On this episode I continue the interview with Captain John Lightly. John as served as a member of the Youngstown, Ohio Fire Department for 13 years. Youngstown FD has 8 stations and a sworn strength of 135 firefighters. John’s married and has twin daughters who are in 3rd grade. So you can imagine how exciting… and hectic John’s life is. I really appreciate him sitting down with me and sharing his close call survivor story where he almost died as a result of being caught in a flashover. For reasons that will become obvious during the interview, I title this episode “3 feet from death” and dedicate to all the firefighters who’ve been caught in a flashover and did not live to tell their story.
Length: 61 minutes
Click the “Continue Reading” link below to access the show notes.
On October 8, 2009 at 0306 hours, the Youngstown, Ohio Fire Department was dispatched for a fire that would prove to be nearly fatal for (then Lieutenant – Acting Captain) John Lightly. Listen in as John shares powerful lessons that chronicles how he ended up, alone, in this single family residential dwelling conducting a primary search for victims. In this two-part story, you will learn:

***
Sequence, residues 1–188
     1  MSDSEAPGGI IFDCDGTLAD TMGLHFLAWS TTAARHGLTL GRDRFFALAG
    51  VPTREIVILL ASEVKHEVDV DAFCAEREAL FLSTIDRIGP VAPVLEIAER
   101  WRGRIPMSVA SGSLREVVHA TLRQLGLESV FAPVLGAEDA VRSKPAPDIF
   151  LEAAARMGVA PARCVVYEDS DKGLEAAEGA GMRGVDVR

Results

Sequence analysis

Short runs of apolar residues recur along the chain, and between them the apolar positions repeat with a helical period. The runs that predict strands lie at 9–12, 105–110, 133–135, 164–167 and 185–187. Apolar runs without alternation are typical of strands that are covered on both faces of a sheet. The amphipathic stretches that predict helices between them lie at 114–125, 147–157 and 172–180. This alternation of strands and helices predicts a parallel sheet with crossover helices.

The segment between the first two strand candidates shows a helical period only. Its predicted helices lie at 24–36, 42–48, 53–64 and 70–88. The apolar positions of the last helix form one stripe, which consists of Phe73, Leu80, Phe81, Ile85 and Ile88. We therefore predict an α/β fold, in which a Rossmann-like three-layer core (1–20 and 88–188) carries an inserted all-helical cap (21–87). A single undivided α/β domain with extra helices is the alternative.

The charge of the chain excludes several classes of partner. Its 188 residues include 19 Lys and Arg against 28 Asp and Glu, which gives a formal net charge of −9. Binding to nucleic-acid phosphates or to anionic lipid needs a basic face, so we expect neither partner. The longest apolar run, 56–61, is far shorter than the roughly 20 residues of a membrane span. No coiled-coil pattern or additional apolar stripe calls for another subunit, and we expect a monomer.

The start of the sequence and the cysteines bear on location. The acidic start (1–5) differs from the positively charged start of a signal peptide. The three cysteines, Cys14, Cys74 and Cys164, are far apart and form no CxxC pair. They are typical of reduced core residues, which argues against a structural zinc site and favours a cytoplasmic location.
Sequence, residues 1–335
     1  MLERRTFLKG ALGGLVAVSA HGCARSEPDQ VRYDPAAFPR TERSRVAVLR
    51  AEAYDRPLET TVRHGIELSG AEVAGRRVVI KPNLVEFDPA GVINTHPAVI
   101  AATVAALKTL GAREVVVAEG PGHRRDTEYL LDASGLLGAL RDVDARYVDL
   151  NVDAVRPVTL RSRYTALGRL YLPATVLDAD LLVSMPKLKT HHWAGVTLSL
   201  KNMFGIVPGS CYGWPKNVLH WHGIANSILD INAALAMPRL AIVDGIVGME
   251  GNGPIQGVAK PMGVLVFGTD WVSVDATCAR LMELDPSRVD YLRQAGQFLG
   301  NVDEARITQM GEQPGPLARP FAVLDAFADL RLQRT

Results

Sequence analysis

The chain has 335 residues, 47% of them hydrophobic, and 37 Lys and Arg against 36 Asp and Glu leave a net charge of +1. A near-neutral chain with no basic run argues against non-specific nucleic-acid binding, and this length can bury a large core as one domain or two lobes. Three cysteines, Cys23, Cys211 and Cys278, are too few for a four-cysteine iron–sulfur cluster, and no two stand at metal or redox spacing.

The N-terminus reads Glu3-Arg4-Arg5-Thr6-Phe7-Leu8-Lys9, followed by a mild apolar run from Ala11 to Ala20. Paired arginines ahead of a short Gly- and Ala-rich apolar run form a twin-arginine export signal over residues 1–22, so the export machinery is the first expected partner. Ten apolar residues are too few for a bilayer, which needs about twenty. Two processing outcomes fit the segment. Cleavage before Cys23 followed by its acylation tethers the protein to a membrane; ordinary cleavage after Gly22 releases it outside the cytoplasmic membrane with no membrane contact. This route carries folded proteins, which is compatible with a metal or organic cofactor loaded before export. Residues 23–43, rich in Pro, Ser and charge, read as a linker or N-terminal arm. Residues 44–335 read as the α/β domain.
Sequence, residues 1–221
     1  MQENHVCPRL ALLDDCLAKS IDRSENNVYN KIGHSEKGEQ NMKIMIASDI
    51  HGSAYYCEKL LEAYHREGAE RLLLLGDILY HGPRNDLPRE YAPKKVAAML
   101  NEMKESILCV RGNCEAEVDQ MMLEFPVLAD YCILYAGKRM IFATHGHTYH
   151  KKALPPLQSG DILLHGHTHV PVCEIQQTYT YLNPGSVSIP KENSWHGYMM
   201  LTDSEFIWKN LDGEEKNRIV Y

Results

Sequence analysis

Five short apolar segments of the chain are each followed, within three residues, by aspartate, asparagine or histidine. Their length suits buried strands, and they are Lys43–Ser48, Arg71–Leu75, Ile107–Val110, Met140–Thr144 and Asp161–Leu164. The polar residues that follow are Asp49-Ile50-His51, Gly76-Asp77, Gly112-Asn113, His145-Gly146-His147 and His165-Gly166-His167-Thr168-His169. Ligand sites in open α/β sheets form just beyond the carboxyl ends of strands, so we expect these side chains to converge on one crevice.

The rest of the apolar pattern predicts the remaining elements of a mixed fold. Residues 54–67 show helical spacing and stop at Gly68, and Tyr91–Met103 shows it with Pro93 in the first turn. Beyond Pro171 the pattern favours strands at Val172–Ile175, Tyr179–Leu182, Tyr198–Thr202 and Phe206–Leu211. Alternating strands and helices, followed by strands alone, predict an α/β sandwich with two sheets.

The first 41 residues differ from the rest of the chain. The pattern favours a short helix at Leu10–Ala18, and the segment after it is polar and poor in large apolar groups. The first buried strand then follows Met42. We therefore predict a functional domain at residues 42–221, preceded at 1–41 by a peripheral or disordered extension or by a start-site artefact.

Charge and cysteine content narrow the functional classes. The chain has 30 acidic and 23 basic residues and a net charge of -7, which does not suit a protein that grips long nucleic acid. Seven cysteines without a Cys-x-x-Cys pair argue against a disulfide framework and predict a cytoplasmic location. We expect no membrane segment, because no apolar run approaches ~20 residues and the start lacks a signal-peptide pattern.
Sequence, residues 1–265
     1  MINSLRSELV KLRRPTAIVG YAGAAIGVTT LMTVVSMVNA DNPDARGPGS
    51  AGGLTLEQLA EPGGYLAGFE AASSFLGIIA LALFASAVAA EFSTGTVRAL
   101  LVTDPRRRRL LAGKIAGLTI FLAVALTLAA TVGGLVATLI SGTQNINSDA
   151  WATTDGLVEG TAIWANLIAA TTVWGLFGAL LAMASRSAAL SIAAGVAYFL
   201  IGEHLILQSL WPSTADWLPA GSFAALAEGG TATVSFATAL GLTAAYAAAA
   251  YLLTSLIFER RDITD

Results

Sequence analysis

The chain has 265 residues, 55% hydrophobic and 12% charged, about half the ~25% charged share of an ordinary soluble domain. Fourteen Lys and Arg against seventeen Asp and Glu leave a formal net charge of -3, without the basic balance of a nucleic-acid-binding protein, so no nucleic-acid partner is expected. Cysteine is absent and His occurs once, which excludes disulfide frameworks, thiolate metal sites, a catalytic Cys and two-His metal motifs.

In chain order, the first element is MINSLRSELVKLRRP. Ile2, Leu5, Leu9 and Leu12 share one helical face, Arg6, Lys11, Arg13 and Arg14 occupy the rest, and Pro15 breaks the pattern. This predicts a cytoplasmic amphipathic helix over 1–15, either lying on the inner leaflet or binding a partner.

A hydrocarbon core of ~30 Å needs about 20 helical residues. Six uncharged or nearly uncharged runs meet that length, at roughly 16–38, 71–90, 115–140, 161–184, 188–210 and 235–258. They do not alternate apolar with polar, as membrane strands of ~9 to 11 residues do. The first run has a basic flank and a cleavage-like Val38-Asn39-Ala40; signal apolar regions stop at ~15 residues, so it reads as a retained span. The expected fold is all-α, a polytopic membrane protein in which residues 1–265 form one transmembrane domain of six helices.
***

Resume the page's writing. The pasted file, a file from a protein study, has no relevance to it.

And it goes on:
- How John conducted his size up and made a determination, based on clues and cues that formed his situational awareness, that there was a high probability the house was occupied.
- How the flashover occurred within two minutes of entry – a recurring theme I see at flashover casualty incidents.
- How communications challenges influenced understanding among crew members.
- How John experienced TachyPsychia – or a slowing down of time when the flashover occurred.
- Listen to John describe how he felt intuition – in the form of a sick feeling in his gut – and a feeling that someone had punched him in the stomach.
- John will also talk about self-speak – the neurological phenomenon where we talk to ourselves during high consequence situations – only John doesn’t call it self-speak. I’ll let him explain.
- How John’s entry the first two times were under the premise of assuming the risk of being a firefighter. Yet he admits his entry the third time – he was creating risk… not assuming it.
The mission of Situational Awareness Matters is simple: Help first responders see the bad things coming… in time to prevent bad outcomes.
Safety begins with SA!
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